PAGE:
School Improvement in Maryland

Using the State Curriculum: Reading/ELA, Grade 6

Reading/ELA | Informational | Literary | Writing | Language | Listening | Speaking

Lesson Seeds: The lesson seeds are ideas for the indicator/objective that can be used to build a lesson. Lesson seeds are not meant to be all-inclusive, nor are they substitutes for instruction.

Standard 1.0 General Reading Processes

Topic E. General Reading Comprehension

Indicator 3. Use strategies to make meaning from text (during reading)

Objective j. Explain personal connections to the ideas or information in the text


Prior to this activity, the students should have received instruction in characterization. When students are assigned to read a selection that features a strong group of characters, they can connect to the text by observing how certain characters are like them, their friends, or like another character they have already read about. As students read the newly assigned text, they should note the outstanding characteristics of a selected character. Once reading is concluded, the reader should decide if that character is more like himself/herself, a friend, or another character in another text. To extend the activity, groups of students should be formed based upon their chosen characters. When grouped together, these students can discuss the characteristics and those people or characters that they are most like.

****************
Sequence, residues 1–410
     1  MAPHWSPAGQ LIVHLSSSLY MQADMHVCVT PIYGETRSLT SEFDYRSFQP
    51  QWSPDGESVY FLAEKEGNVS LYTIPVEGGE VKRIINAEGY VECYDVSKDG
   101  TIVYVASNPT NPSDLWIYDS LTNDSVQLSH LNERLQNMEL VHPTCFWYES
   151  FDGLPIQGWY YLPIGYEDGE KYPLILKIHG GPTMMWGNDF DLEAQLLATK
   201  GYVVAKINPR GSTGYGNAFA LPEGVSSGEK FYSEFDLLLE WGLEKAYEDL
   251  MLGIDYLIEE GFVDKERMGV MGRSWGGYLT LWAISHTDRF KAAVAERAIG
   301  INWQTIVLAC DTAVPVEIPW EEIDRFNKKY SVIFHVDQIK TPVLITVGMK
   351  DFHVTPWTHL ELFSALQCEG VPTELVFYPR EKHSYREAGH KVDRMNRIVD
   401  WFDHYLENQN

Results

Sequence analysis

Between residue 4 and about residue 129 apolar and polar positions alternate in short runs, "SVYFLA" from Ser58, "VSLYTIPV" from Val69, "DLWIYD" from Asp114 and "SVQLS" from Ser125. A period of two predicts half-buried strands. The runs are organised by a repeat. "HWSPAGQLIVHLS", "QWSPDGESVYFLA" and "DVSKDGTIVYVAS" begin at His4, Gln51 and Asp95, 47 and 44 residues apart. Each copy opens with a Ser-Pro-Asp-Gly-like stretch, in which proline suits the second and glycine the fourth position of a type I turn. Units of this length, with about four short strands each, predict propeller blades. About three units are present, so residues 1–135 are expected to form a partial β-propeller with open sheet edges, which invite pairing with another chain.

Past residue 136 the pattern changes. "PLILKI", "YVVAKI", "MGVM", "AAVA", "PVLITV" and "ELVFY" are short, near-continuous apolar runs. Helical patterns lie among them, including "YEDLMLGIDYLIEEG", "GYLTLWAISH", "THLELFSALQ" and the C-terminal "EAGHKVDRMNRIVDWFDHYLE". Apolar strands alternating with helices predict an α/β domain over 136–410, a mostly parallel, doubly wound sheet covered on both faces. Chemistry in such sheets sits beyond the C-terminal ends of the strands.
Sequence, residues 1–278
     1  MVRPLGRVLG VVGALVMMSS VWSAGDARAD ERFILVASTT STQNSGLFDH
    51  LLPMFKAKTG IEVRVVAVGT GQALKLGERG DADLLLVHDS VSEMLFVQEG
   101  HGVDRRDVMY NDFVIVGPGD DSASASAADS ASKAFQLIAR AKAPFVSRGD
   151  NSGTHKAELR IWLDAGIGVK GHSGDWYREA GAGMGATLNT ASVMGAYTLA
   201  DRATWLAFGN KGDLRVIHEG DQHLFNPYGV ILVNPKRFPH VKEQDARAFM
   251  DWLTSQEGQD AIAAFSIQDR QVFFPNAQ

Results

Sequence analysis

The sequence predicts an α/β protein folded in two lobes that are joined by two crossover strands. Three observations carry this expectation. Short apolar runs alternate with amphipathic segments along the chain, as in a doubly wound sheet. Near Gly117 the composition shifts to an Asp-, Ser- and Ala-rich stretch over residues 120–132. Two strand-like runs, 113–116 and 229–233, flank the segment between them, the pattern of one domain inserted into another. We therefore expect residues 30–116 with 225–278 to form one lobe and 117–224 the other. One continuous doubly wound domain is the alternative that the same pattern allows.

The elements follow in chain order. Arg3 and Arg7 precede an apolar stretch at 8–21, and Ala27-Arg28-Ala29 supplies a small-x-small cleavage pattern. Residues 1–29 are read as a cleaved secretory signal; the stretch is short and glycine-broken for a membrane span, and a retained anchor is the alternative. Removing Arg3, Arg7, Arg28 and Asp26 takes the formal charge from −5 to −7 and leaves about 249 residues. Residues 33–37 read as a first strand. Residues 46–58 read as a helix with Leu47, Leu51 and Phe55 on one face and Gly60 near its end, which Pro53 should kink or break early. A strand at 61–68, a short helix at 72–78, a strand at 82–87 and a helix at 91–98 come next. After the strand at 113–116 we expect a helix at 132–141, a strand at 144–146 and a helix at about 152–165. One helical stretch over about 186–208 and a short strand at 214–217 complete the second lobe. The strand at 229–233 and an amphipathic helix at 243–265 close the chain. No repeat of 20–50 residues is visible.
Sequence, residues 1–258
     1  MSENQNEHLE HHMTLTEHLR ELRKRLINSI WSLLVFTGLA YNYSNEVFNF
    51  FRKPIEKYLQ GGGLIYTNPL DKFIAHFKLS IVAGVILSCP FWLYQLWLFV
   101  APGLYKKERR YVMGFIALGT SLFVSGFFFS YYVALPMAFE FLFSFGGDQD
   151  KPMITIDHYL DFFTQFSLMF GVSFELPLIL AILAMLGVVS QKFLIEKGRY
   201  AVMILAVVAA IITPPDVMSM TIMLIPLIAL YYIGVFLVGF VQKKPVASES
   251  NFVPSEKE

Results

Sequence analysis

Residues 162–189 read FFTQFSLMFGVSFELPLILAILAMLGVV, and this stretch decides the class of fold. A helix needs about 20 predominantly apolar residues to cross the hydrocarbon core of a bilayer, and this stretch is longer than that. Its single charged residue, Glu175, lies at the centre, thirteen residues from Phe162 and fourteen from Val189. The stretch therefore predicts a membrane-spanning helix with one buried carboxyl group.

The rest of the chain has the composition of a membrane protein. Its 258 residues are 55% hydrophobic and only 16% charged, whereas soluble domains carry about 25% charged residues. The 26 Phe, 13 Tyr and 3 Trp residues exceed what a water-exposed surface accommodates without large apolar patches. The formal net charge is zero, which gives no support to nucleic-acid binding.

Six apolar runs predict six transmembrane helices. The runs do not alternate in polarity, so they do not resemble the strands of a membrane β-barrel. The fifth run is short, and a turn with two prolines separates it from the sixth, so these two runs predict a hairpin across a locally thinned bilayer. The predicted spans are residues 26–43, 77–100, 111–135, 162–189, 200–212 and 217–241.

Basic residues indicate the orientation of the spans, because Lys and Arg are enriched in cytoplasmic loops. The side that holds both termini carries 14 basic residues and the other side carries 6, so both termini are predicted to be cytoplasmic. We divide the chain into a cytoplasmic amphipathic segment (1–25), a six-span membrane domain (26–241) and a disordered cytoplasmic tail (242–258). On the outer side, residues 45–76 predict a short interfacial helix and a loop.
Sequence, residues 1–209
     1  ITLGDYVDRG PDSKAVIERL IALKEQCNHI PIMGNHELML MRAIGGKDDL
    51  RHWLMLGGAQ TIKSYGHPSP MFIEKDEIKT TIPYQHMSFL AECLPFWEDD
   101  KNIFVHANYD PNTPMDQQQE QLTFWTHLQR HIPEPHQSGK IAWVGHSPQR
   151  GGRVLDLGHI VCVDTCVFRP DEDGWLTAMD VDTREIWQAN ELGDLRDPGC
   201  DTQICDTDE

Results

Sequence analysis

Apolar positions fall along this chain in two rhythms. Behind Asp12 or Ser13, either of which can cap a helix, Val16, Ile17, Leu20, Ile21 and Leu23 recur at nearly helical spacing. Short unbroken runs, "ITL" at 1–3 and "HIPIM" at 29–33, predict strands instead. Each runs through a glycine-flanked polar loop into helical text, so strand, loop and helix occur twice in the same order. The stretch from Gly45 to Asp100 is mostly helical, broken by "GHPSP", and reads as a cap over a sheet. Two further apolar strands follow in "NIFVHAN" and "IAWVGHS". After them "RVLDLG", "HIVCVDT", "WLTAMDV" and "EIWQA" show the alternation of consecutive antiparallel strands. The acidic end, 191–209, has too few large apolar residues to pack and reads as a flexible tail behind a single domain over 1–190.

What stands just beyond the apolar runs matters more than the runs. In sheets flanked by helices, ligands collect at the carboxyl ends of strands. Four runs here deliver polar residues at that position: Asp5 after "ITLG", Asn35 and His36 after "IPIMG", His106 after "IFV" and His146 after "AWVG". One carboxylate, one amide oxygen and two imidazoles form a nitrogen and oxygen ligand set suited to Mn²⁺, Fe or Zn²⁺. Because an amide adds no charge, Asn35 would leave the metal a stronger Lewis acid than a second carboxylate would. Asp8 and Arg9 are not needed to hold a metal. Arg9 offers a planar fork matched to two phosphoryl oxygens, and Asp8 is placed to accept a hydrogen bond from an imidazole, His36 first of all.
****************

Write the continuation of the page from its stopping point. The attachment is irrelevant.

To assist students in responding personally to a text, the teacher should ask questions that allow a student to engage on a different level with the assigned text. These questions should address reaction to the text. For example, students could be asked how reading a particular portion of literary text had made them feel. Or students could be asked whether reading an informational text had made them feel about trying the same activity detailed in the text. These questions should be sources of discussion and not written responses. Students should have allotted time to discuss not only with the teacher but also with other students in smaller group settings. An engagement on this level often leads to an engagement on an intellectual level.